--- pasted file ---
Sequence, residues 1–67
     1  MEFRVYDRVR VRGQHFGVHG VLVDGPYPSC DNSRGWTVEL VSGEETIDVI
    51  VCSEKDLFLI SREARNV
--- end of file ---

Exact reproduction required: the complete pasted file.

Sequence, residues 1–67
     1  MEFRVYDRVR VRGQHFGVHG VLVDGPYPSC DNSRGWTVEL VSGEETIDVI
    51  VCSEKDLFLI SREARNV